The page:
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Irish criminal gang involved in selling fake Covid-negative papers

There have been several arrests around Europe.

Image: Shutterstock/Oleg Grach

Updated Feb 1st 2021, 2:36 PM

EUROPOL HAS WARNED travellers to watch for organised crime gangs selling fake Covid-negative certificates at airports, sometimes for as much as €300 each.

The warning from Europol comes after police busted several suspects selling forged certificates declaring people Covid-19 negative at airports in Britain and France, online and through mobile messaging chat groups in Spain and the Netherlands.

Many EU countries and others now require proof that passengers are not infected by the disease, which has killed more than 2.2 million people around the world.

Europol said that one of the gangs carrying out these crimes is the Rathkeale Rovers organised crime group. Europol said it received additional intelligence on the “alleged use of a mobile application by the Rathkeale Rovers Mobile Organised Crime Group which allows members of the organised crime group to manually falsify test results”.

“As long as travel restrictions remain in place due to the pandemic, it is very likely that criminals will seize the opportunity of producing and selling fake Covid-19 test certificates,” Europol said.

“Given the widespread technological means available in the form of high-quality printers and different software, fraudsters are able to produce high-quality counterfeit, forged or fake documents,” the Hague-based police agency said.

French police late last year broke up a forgery ring at Charles de Gaulle airport outside Paris selling fake certificates for between €150 and €300, Europol said.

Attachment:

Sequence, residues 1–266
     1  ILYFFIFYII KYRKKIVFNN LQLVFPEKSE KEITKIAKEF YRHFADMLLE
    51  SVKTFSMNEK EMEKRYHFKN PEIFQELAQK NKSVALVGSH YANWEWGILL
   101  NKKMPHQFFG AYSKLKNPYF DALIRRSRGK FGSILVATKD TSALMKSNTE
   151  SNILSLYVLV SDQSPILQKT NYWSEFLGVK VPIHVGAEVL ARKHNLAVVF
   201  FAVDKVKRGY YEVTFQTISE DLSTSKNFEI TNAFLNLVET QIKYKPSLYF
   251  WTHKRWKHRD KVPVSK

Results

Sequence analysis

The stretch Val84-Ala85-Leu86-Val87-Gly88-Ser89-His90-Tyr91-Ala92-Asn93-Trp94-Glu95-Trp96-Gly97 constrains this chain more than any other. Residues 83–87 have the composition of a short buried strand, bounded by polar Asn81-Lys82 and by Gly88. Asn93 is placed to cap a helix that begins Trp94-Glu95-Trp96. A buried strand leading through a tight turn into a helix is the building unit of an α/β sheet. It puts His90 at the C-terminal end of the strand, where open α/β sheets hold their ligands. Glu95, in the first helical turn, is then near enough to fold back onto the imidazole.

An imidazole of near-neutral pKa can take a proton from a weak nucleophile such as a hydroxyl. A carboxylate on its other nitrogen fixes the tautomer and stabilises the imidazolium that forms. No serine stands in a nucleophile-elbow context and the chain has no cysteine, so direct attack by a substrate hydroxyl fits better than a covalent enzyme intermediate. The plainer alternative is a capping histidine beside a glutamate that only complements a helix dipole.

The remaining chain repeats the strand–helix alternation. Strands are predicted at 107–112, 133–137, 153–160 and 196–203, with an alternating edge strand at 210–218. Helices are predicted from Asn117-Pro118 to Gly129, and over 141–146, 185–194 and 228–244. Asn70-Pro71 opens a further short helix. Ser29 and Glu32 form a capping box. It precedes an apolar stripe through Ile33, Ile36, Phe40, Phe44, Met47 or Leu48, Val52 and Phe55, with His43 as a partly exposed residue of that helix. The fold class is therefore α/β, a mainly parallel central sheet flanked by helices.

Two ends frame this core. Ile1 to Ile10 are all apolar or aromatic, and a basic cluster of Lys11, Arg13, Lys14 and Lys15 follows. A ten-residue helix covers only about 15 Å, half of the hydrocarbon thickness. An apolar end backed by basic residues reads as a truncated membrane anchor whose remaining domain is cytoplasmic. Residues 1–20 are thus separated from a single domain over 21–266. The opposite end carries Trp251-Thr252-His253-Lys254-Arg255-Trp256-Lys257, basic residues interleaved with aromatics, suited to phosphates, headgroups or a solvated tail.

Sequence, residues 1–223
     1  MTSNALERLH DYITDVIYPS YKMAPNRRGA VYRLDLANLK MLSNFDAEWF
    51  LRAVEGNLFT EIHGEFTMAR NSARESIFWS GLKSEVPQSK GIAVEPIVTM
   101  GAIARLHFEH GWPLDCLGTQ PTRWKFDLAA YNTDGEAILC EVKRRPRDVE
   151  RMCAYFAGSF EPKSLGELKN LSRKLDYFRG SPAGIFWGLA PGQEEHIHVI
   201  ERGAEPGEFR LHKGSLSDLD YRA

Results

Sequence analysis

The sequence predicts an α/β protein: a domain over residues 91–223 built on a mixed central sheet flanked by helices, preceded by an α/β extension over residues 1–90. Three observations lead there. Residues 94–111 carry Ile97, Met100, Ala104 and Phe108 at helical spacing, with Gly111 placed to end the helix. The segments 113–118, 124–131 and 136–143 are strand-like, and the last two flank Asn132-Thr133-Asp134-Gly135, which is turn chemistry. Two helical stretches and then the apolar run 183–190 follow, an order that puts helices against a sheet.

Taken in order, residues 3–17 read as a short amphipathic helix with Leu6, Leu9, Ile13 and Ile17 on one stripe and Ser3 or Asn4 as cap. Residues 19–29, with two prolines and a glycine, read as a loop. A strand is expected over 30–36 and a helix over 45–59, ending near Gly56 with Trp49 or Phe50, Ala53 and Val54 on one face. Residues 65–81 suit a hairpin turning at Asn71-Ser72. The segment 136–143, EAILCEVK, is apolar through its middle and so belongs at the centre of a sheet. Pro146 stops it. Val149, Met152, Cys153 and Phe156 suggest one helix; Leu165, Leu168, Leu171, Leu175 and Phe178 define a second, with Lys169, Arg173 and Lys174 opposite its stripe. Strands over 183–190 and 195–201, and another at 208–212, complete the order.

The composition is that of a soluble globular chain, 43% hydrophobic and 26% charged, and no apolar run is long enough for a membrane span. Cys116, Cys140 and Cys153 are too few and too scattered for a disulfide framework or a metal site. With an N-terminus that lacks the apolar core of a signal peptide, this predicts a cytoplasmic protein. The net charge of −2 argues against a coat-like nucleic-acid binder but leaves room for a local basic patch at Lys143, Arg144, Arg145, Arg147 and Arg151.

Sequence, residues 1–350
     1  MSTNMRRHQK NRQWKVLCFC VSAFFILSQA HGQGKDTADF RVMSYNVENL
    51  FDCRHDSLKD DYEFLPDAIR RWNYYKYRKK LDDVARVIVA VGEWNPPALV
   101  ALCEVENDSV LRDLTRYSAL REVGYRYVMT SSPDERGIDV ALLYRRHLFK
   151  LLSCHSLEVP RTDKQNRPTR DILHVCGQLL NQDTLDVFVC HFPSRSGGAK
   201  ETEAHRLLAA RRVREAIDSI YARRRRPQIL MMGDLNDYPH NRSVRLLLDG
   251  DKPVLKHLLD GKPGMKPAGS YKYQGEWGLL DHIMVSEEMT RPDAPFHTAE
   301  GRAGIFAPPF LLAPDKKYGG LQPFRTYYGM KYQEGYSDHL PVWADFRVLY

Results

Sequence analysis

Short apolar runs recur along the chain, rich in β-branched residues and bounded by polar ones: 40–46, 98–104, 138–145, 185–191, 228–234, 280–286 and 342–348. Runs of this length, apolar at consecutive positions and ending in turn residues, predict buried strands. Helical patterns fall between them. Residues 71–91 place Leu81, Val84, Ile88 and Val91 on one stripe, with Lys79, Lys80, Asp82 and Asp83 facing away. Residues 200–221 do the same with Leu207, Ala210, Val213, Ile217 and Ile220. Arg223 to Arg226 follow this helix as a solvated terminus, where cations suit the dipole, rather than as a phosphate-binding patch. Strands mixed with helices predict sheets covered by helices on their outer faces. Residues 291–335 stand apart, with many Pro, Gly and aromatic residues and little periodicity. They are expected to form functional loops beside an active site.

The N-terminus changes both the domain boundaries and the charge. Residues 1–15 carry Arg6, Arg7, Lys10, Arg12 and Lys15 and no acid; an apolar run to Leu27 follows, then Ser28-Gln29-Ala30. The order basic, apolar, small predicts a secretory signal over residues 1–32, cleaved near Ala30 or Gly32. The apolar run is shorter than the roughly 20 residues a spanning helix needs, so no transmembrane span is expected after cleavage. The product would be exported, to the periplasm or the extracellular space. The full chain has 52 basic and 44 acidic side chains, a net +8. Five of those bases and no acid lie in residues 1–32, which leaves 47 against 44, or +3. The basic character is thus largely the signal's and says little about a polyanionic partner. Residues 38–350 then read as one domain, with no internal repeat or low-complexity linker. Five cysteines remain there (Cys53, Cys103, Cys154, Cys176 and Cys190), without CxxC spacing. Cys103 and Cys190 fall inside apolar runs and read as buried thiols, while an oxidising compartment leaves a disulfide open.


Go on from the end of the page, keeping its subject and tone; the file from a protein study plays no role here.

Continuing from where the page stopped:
“Intelligence suggests that in the UK, fraudsters were caught selling bogus Covid-19 test documents for 100 pounds, faking the name of a genuine laboratory on the false certificates,” it added.

In one recent case, a man was arrested 10 days ago at Luton Airport in Britain on suspicion of selling fake Covid papers.

In Spain, police arrested a man selling forged papers for €40 online, while in the Netherlands scammers were doing the same via mobile messaging applications.

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Europol has a long relationship with the Rathkeale Rovers, who primarily carry out their crimes outside of Ireland. 

In 201o, Europol launched Operation Oakleaf to target the activities of the Rathkeale Rovers, a mobile organised crime group of Irish origin specialised in the theft and illegal trade of rhino horn.

Europol said this highly organised group is establishing companies all over Europe in an attempt to legitimise and cover their illegal activities. 

Over 30 people were arrested during the operation.

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